Welcome to the final week of the D’aily. I can’t believe it’s almost over. Today’s track is the one I see taking the most criticism online and I struggle to figure out why. I have a theory, and we’ll get to that in a second. First, let’s unpack.
“Left & Right” is the third track from D’Angelo’s 2000 masterpiece Voodoo. It was also the lead single from the album unless you count “Devil’s Pie” which was included on the Belly soundtrack more than a year earlier. I think of “Devil’s Pie” as a single from Belly, not Voodoo, so in my opinion “Left & Right” was the first single. “Left & Right” was released in October of 1999, just over three months before Voodoo dropped. The single was not a success, peaking at #70 on the Billboard Hot 100 Singles chart. It was ultimately outdone by its B-side, the incredible “Untitled (How Does It Feel).” Radio stations started playing “Untitled” instead of “Left & Right,” D’Angelo shot the legendary video, and the rest is history. I’m not here to say that I think “Left & Right” is a better song than “Untitled.” You know where I stand on “Untitled” already because I wrote about it months ago. I think it’s one of the best songs of this century. I think the success of “Untitled” has happened at the expense of “Left & Right.” Just because one is better than the other doesn’t make one bad.
“Left & Right” is funky and sexy. That Questlove drum beat is perfectly sloppy and the guitar lays nicely over the top of it. D’Angelo opens the verses in full voice before switching to his falsetto to sing about slapping ass and pulling hair. I just dig the vibe of everything D’Angelo is doing. It’s laid back funk. Then there’s Redman and Method Man and what I believe to be the root of people’s problem with this song.
I once debated my brother when he stated that “Left & Right” is the one song that he feels doesn’t fit on Voodoo, mainly because of the presence of Meth and Red. The original version of this song included a verse by Q-Tip. To quote Questlove, “The song was cool but nobody was feeling Tip’s verse.” D’Angelo’s manager Dominique Trenier was more blunt and just straight up called the verse wack. Man, I find that incredibly difficult to believe. Q-Tip is never wack. He was replaced on the track by Method Man and Redman. I heard stories back in the day that they weren’t completely satisfied with their verses either, but they went ahead with it anyway. First, why wasn’t I consulted? I’d like a say in this. I love all three of those rappers and I think I could’ve figured this out. However, I have to trust that people like D’Angelo and Questlove might actually have a more informed opinion than I do on this topic, so I can understand why they didn’t reach out. I think I could’ve brought a different point of view, but whatever. I’m not mad. Water under the bridge.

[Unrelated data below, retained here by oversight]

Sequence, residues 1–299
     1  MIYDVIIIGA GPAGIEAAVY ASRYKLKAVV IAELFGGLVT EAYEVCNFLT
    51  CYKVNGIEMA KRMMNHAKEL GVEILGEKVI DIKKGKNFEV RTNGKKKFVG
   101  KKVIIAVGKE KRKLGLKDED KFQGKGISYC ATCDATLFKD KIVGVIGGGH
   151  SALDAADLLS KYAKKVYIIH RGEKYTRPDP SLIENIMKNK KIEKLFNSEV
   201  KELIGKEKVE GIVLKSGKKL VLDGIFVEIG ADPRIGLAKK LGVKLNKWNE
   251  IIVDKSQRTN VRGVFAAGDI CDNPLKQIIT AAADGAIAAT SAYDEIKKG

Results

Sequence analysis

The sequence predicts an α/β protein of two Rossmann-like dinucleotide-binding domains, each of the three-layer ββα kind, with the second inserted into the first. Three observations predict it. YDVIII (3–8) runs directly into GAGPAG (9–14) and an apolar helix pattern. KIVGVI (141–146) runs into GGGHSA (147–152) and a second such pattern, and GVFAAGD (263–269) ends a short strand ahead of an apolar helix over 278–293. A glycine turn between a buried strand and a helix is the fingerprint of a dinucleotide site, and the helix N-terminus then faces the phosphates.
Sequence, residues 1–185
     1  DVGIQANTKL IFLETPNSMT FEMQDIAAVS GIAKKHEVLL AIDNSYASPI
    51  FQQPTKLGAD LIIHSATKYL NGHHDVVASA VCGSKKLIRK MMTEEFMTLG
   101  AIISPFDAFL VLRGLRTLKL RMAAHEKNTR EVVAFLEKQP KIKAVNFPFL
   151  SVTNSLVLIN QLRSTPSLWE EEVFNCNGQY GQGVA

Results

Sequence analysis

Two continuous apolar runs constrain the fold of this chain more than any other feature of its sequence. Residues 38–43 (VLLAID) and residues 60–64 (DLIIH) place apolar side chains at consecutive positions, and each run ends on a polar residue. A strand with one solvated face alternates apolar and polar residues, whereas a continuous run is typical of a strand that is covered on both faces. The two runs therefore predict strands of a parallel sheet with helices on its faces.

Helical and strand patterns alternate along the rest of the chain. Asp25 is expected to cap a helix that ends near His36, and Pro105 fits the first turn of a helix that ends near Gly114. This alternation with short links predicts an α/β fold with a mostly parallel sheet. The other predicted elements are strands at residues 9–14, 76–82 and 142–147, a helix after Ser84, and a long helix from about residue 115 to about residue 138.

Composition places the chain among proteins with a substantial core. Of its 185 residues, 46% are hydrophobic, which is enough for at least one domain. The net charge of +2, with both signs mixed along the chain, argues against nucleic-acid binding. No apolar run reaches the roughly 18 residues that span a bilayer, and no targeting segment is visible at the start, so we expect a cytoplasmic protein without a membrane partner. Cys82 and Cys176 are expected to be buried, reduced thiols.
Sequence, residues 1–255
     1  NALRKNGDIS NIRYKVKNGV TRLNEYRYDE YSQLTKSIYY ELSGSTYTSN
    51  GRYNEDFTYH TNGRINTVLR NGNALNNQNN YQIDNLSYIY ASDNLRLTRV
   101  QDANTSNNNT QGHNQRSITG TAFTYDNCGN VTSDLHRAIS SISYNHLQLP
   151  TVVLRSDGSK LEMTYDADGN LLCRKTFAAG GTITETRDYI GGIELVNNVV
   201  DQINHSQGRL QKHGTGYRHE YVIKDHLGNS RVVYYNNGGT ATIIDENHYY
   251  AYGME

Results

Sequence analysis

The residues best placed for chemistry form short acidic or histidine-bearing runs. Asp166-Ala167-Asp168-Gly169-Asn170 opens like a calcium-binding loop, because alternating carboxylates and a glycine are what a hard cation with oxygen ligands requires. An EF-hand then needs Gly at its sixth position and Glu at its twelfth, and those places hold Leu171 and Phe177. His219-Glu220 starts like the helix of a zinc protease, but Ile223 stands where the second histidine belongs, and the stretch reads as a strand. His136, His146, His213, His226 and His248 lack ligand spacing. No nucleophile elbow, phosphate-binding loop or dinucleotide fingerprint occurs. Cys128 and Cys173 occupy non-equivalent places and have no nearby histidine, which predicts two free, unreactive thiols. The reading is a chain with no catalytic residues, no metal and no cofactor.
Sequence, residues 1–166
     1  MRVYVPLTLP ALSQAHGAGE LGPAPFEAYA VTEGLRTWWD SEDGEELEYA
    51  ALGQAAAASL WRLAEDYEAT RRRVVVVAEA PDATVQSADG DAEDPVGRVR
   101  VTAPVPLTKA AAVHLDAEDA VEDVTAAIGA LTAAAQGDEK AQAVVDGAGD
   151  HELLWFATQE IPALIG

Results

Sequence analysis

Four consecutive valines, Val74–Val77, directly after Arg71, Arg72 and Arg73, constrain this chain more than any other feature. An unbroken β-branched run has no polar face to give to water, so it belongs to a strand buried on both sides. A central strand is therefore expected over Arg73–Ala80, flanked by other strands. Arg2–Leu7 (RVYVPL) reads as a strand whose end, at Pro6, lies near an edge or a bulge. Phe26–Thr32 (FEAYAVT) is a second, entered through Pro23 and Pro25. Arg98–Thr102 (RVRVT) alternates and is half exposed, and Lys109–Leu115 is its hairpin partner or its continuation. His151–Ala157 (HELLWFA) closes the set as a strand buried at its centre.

I do have an easy solution to this conundrum: eliminate the rap verse. It’s not necessary and the track is better without it. Was there something in the contract that said D’Angelo had to include a rapper on that album? This also solves my brother’s problem with “Left & Right” not fitting on the album. Without the rap verses I think the song fits the overall vibe of the album better. There’s a version without rap on the single so you don’t have to imagine what it would sound like. I would’ve gone with that and moved on. See, they should’ve consulted me.
I love Method Man and Redman, but their services aren’t necessary here, even if Meth at one point says, “young miss, filet-o-fish, saltwater trout.” No rap features necessary on Voodoo. A minor misstep that doesn’t detract from the brilliant album, in my opinion. I still love the track, though. If I was having a party that’s the only track from Voodoo that I’d consider spinning.
I’m done trying to convince you. If you dig funky shit, you’ve gotta dig “Left & Right” and I’ll leave it at that. I’m right and the people are wrong. I wanna hit one other topic before I get out of here. I’ve been following a DJ/Producer for a while by the name of Amerigo Gazaway. He releases all kinds of music, but my favorite thing he does is mashups of legendary artists. He famously made two albums combining the music of Yasiin Bey (Mos Def) and Marvin Gaye which he, of course, had to call Yasiin Gaye. He did the same with Fela Kuti and De La Soul (Fela Soul), Common and Stevie Wonder (Common Wonder) and many others. In January 2020 he released Variations of Voodoo: A Tribute to D’Angelo. The album contains seven tracks remixed by Gazaway. The results vary, and as always I prefer D’Angelo’s originals over any remixes, but Gazaway sheds a unique light on these songs. The catchiest is his gospel remix of “Devil’s Pie” but don’t sleep on his mellow “Left & Right” remix. I couldn’t post about 49 different D’Angelo songs without mentioning Gazaway’s remixes, but I waited for “Left & Right” because that’s my favorite of the bunch.
With that, I’ve actually completed the entire Voodoo album. I’ve somehow written about every song from my favorite album of all-time. If you want to go back and catch up on anything you missed, here’s the Voodoo track listing with links to my posts:
- Playa Playa
- Devil’s Pie
- Left & Right
- The Line
- Send it On
- Chicken Grease
- One Mo’Gin
- The Root
- Spanish Joint
- Feel Like Makin’ Love
- Untitled (How Does It Feel)
Tomorrow we complete another of D’Angelo’s three brilliant albums with a breezy track that will have you tapping your toes throughout your Tuesday (alliteration unintended). Download that version of “Left & Right” without the rap verse, listen to it on your way to work, and I guarantee a damn good Monday. Back again tomorrow with more.